How we failed with Angular & Elm is the solution

Published May 16, 2018Last updated May 25, 2018
How we failed with Angular & Elm is the solution

Link to the original article

## Angular 1 The framework that conquered the world
AngularJS is the most common front end framework (in Israel at least) as of 2018. The trend towards alternatives mainly React has long been ongoing but the legacy, the stain of the framework from Google, still marks the industry due to countless reasons.

Angular started out as a library to help create online forms, later the target audience became server IT professionals, that’s why Angular code always seems like belongs on the server rather than a browser. There is no way to render all these {{tags}} without parsing the entire DOM creating a performance issue.

But the main problem AngularJS created, is the illusion we can use it to design the UX as we please (uh … like develop) and that is not the case. So we went looking for solutions in the docs as portrayed by Shai Resnick in his epic presentation ng-wat:

While that’s awesome and entertaining, difficulties implementing the functionality we wanted to provide our users is far from entertaining.
How did we overcome these issues? We’re ninjas, hackers, we googled.. we found solutions in SO — it’s never easy, our lives are a continuous nightmare that rolls from sprint to sprint, swelling backlogs yet these things will never surface because, after all we’re a community, a family ❤

Angular 2,4,5,6 and what happened to 3?
We waited 5 years for the next Angular version until 2016, 18 months later we got Angular 4 and 5. Now in 2018 there’s Angular 6 . Angular 3 was never released.

So Angular 2: we were thrilled to see that there are no more directives, controllers nor services, they’ve all been replaced by components and we learned typescript 😀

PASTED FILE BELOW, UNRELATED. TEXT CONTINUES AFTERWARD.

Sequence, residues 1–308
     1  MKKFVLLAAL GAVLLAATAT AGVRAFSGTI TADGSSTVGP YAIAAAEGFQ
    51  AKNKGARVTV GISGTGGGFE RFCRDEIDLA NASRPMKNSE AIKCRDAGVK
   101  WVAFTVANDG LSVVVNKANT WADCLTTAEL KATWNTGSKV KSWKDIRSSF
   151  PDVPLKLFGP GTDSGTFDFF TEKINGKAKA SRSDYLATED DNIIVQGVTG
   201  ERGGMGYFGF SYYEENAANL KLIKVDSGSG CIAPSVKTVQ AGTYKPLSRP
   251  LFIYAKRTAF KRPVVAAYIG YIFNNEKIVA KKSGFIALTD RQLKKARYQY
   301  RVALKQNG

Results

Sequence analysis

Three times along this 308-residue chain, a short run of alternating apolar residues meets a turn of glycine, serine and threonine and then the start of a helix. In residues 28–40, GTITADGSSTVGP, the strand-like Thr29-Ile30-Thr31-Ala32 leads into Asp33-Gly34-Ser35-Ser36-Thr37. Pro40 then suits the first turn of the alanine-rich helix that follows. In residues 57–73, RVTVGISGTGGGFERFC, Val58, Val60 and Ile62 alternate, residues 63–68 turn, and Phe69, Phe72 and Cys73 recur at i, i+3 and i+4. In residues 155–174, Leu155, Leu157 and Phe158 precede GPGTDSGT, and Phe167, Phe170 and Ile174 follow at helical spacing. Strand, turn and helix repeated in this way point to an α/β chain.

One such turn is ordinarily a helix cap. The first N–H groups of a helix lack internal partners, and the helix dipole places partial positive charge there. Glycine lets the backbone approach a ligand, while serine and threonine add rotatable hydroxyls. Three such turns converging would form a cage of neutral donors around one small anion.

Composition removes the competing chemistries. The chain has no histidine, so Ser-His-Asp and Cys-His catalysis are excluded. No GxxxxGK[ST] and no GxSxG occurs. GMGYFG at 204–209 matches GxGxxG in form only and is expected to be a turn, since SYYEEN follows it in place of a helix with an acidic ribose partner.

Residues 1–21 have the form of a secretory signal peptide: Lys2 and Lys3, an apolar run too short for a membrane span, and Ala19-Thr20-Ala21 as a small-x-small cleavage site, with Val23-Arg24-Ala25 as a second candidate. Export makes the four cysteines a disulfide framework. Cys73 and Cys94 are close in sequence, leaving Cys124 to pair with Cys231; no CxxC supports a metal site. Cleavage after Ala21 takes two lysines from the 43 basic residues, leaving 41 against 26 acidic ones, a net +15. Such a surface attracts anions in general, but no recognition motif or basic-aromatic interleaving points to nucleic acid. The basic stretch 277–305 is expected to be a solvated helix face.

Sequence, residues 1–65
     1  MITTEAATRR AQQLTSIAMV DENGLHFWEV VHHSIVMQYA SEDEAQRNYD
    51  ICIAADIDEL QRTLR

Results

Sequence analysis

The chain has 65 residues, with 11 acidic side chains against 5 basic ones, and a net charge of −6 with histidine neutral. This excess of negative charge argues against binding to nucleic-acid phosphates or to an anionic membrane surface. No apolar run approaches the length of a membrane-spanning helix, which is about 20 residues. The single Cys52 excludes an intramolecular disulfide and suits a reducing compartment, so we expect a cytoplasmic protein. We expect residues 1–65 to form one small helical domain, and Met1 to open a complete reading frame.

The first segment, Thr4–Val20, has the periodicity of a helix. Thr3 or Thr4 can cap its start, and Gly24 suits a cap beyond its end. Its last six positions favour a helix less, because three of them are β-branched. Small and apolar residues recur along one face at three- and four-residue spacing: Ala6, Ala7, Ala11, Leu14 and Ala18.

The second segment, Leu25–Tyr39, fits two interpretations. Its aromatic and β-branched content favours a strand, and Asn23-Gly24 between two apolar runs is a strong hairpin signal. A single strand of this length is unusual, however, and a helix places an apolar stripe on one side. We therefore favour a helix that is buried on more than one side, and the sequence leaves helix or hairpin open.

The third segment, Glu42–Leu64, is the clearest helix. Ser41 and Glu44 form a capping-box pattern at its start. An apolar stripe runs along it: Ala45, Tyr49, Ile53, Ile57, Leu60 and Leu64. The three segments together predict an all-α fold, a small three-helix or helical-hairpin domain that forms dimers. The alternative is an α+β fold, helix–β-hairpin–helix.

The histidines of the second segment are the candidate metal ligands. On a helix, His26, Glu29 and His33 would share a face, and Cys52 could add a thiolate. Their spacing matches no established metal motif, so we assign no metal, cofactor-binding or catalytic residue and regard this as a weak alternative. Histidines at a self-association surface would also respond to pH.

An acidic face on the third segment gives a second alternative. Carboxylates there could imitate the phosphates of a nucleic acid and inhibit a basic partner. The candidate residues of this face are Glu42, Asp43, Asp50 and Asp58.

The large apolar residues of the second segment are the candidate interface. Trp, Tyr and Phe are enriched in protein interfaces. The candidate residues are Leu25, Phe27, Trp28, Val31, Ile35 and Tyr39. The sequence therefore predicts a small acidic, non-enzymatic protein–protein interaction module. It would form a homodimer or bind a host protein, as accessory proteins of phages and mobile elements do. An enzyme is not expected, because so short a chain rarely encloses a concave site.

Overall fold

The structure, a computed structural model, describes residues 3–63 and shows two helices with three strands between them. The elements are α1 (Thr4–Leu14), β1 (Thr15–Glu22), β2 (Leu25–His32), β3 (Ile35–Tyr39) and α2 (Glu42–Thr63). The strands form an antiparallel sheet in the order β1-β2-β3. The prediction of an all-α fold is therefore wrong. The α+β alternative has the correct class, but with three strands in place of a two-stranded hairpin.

Angular 4: lifecycle hooks were changed to an interface instead of an abstract class though we had to upgrade immediately to Angular 5 since version 4 did not include optimization 😮

Unfortunaly the new versions did not absorb well in the community indicated by long list of avid followers that started “defecting” to React.

React was created as a library for web interfaces not a complete framework so it never included most of the tools we need to develop web applications, thus requires the use of external libraries for everything else.

Application state can be kept in props inside a component but that does not mean other components are aware of this (modularity), this also compels us to spread our business logic to the components.

So wether we stayed with Angular or chose React or Vue, we still need to use one of the following technologies so that our web application preserve state:
flux, redux, relay, redux-saga, mobX, RxJs, reflux

Keeping the state in Elm is trivial just put it in the model 😜

So maybe, before we switch to another framework, let’s check again and identify the problem we want to solve?

Success does not consist in never making mistakes but in never making the same one a second time. George Bernard Shaw

The reasons why Amazon AWS, Rakuten and countless other companies have already decided on Elm

  • Amazon strives to develop the world’s fastest interface for the AWS interface, the world’s most sophisticated interface, and chose Elm
  • Rakuten the e-commerce platform with billions of consumers

Elm is a pure functional language with static type checking, that generates Javascript, Css and Html and provides a complete solution for web development and it’s toolset include the time-traveling-debugger.

Elm’s benefits

  1. Performance ​​(2x faster than React and 4x faster Angular)
  2. Front end development without side-effects
  3. A development environment that includes a dedicated debugger
  4. Following 3: refactoring and maintenance operations are significantly easier almost trivial
  5. No problem preserving application state
  6. Type safety can be applied to css — never have css errors!
  7. More safety! you cannot hijack elm network requests
  8. Packages are located on github instead of node packages
  9. Development process significantly more pleasent without fatigue
  10. Produce richer UX, less time debugging and testing

Q: Where can we find Elm developers?
A: You can expect developers to write production code within 3 weeks of training.

Evan Czaplicki Elm’s creator said in a presentation: I wanted to build a site and it wouldn’t let me!